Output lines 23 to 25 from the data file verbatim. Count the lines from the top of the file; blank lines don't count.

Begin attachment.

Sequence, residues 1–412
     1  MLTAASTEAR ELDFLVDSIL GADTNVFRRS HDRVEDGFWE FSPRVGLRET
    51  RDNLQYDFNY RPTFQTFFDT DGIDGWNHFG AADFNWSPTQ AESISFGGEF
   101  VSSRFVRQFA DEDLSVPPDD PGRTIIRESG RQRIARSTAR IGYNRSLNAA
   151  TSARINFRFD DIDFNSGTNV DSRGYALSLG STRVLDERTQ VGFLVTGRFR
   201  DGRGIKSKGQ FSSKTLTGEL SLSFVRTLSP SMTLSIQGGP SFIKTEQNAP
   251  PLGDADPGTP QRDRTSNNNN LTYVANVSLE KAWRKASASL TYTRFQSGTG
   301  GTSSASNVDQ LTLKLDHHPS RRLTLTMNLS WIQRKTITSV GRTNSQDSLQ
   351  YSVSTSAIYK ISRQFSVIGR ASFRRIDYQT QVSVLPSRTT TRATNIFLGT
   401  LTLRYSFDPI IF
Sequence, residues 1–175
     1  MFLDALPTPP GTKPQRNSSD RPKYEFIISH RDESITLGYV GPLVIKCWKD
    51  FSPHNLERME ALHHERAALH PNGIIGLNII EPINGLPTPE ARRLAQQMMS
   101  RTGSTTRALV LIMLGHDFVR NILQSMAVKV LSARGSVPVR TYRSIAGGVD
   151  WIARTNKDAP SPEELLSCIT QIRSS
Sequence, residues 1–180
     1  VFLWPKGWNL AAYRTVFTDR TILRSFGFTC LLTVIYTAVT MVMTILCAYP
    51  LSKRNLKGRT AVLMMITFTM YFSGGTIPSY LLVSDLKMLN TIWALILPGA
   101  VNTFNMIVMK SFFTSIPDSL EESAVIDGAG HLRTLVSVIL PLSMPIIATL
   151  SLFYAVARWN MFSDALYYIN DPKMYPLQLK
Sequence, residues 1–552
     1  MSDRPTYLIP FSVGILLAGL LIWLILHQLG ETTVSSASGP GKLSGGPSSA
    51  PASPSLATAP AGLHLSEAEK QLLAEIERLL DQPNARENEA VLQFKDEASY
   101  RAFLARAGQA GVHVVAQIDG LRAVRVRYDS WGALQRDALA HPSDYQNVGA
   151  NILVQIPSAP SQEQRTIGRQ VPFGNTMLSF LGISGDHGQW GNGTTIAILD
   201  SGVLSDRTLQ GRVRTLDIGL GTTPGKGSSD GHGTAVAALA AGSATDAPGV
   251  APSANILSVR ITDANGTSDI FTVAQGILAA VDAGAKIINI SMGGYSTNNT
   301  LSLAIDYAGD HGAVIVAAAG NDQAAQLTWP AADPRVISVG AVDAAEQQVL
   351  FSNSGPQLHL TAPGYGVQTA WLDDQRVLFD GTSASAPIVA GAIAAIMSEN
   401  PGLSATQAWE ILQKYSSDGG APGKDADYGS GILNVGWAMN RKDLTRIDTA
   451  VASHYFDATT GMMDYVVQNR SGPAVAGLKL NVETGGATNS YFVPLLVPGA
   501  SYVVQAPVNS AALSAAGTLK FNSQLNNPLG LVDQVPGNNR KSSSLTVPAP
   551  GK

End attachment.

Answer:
    51  PASPSLATAP AGLHLSEAEK QLLAEIERLL DQPNARENEA VLQFKDEASY
   101  RAFLARAGQA GVHVVAQIDG LRAVRVRYDS WGALQRDALA HPSDYQNVGA
   151  NILVQIPSAP SQEQRTIGRQ VPFGNTMLSF LGISGDHGQW GNGTTIAILD